Author : Pierre-Olivier LOMBARTEIX
Translated by : Lisa McGARRY
Rain and dusk were falling on Dublin. In but a few hours, darkness would have gained the whole of the city that a cottony evening mist was already wrapping. Outside, the lampposts were giving off a bleak electrical light that reflected here and there in the pockets of water against the pavements and on the sewer grids. Comfortably installed at his desk, a man was reading his newspaper. Next to him, a mug filled with a dark liquid was giving off a heady scent. Sitting in the pool of light given off by the desk lamp, he was feeling good, warm and safe, protected by a thick dark green carpet that hushed his footsteps when he moved around. Not a sound troubled his repose. In this untroubled silence, he was, for the umpteenth time, reading an article in the Irish Times recounting, over a number of columns, the somber Ogham killer affair. The journalist presenting with much detail the abominable crimes perpetrated by the one that the whole of Ireland had come to know as the Druid, the first serial killer in the history of a country renowned for its tranquility. In rhapsodic terms, the journalist also saluted the courage and decisive role played by one Deirdre McNeill, an academic with Dublin’s Trinity College. She had not hesitated to risk her life to put an end to these crimes. The man smiled. That reckless young Dubliner was having her moment of glory. She should make the most of it. It would soon be his turn. And if she ever tried heroics or attempted to bar his route, he wouldn’t hesitate for a second. He would eliminate her. Without so much as a thought. Nothing and nobody could stop him.
In a slow and deliberate gesture, he folded his newspaper before setting it down on the top right corner of his mahogany desk, the pages precisely parallel to the two edges of the piece of furniture. He liked order. A place for everything and everything is in its place, was one of his mottoes. Happy with himself, he sat back in his large leather armchair and sat thoughtful for a while, his perfectly manicured fingers with short and well kept nails mechanically playing with a silver paper knife, a present from a person that was once extremely dear to him. On the finely engraved handle was a gallant scene. He lifted the point to his lips and, slowly, a disquieting smile disfigured his face. Everything was taking shape in his mind. Gradually, things were falling into place. Exactly the way he wanted them to. Everything would be perfect, brilliantly executed. He finally put the paper knife down; making sure it was lined up with his leather desk blotter, and took a little golden key from his pocket and introduced it into the lock of his desk drawer. He turned the key, opened the compartment and took out a rosewood casket that he put down on the blotter. With the tip of his finger, he slid the top open along its rails. The soft light revealed six small smooth flat pebbles, their colors ranging from white to grey striking against the blood red velvet covering the inside of the box. With precaution, he picked up the first stone and lifted it to his eyes. It was a perfect shape, no flaws, just as the symbol engraved in Indian ink on its surface. He stroked the pebble with his thumb for a moment, rejoicing in the sensation of the asperity of the edges of the engraving on the sensitive part of his finger. He liked the contact, both smooth and rough, all in contrast, duplicitous. These pebbles are like me, he thought. This Ogham killer story is really unexpected and auspicious, he murmured to himself. It was the missing essential element he had until then lacked. Now he would be able to put his plan to work. A diabolical plan constructed long ago that he had been adjusting and perfecting for years, all the while suffering in silence, waiting patiently for his time for revenge to come. All those years of suffering were going to cost a lot to those who had thus spoiled his happiness and heartiness… Still rolling the pebble through his fingers, he was already anticipating each gesture, each detail of the murders to come. His heart, black and hard as stone, was trembling with joy.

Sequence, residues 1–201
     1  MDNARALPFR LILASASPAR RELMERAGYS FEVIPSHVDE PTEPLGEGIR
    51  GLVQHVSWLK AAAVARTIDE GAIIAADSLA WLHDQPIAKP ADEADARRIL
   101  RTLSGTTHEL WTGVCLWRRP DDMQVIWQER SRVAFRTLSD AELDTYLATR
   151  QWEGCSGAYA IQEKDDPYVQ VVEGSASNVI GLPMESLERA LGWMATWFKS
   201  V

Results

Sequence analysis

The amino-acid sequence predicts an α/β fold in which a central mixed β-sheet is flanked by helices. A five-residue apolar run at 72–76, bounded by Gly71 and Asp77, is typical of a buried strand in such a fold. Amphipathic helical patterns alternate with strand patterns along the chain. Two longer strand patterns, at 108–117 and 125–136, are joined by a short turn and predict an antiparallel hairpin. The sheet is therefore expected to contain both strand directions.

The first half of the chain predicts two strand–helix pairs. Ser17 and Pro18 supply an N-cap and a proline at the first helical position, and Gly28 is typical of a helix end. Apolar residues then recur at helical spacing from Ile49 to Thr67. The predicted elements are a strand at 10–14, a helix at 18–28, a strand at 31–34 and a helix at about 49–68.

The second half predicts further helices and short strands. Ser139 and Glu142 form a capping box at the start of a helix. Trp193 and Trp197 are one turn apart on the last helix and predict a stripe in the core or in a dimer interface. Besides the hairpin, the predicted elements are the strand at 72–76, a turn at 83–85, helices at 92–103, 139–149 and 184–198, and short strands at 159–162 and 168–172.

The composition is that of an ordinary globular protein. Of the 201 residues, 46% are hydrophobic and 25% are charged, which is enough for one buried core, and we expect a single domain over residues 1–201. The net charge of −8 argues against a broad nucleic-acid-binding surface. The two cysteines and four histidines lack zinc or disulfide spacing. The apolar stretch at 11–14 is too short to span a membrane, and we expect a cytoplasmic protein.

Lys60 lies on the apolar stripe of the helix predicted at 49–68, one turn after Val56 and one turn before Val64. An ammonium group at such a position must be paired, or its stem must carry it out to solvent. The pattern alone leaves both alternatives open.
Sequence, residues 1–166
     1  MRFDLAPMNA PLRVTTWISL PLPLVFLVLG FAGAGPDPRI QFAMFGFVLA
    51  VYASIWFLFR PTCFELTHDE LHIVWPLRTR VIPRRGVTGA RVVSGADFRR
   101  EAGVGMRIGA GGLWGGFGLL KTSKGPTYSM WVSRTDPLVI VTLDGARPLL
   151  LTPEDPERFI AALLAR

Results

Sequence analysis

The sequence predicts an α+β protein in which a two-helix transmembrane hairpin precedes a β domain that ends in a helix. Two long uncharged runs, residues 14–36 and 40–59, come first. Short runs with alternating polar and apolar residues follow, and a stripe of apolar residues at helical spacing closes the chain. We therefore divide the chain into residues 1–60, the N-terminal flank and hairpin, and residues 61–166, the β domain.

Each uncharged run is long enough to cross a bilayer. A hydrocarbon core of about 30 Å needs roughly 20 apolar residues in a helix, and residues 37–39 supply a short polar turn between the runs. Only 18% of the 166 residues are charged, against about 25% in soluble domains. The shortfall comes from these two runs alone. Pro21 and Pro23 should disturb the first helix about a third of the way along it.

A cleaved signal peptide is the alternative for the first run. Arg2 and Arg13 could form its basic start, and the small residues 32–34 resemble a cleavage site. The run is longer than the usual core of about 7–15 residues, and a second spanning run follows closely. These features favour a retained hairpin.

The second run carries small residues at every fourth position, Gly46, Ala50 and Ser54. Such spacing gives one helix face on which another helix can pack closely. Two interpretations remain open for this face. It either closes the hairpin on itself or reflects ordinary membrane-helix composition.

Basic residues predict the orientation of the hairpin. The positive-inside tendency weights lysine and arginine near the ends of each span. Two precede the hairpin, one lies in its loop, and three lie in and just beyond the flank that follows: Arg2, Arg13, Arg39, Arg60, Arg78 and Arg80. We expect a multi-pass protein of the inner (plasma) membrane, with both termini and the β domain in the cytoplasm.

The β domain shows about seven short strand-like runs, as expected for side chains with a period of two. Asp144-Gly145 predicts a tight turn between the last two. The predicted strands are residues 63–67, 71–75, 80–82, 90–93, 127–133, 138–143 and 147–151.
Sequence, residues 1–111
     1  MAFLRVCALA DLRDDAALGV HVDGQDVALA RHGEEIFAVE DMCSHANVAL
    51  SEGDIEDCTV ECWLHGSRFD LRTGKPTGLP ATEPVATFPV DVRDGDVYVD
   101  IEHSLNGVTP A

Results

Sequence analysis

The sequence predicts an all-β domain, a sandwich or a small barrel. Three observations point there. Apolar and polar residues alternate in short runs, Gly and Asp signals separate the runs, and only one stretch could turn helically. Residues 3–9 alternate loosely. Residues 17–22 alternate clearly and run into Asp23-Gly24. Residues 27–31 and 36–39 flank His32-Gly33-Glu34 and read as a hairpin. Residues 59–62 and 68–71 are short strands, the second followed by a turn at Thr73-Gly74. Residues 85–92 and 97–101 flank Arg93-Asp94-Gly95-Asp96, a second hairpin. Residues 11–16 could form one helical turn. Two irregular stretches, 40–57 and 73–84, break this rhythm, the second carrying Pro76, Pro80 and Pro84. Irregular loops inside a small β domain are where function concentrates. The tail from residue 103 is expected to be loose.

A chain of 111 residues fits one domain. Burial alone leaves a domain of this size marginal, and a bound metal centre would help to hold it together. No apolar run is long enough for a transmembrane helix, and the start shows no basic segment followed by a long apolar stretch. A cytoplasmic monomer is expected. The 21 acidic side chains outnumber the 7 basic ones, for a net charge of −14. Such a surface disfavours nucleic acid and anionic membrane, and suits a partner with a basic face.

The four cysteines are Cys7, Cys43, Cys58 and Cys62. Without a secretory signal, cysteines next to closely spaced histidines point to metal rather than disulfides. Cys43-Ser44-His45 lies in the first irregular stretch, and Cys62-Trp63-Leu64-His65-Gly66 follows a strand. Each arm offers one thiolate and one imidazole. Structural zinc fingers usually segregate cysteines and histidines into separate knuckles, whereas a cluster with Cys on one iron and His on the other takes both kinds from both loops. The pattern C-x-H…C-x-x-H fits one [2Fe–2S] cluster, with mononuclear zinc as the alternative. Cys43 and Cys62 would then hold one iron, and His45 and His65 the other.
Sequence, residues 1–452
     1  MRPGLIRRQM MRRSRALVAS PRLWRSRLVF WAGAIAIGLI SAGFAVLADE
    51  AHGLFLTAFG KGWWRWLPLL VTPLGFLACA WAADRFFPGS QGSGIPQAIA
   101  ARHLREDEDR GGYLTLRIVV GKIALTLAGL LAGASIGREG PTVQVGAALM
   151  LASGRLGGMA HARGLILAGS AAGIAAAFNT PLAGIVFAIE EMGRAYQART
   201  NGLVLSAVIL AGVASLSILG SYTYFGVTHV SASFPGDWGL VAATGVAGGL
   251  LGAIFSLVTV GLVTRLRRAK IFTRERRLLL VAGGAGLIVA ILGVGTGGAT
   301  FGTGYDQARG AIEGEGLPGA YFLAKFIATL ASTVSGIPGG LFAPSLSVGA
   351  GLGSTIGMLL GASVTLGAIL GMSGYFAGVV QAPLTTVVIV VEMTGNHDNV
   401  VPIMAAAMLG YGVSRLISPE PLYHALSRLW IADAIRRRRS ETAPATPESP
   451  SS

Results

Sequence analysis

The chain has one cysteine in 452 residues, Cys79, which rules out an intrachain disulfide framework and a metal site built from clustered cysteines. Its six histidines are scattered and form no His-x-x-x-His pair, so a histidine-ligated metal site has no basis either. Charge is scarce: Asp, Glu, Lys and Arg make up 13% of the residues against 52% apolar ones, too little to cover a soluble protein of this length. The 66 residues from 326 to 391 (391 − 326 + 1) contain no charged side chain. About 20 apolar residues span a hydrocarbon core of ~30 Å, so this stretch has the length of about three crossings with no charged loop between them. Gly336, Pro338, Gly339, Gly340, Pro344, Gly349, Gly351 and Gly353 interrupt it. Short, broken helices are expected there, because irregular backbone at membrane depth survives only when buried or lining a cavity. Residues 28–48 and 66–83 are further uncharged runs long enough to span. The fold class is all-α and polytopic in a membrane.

Nothing would ever be the same for him from now on, and nothing would ever be the same in Dublin. The Irish capital, so suitably cut in two by the Liffey river, would now know fear and terror but also blood and tears. He had decided it would be so. That was the price of his wrath. Tomorrow, the whole town would know chaos like that it had experienced a thousand years before in the times of the Viking invasions. Dubliners would once again live in fear of the bloody and murderous raids of the Norsemen. Certain of his fellow citizens were, unknowingly, about to walk what the ferocious Scandinavian warriors so poetically called the Serpent’s path, meaning the path of death.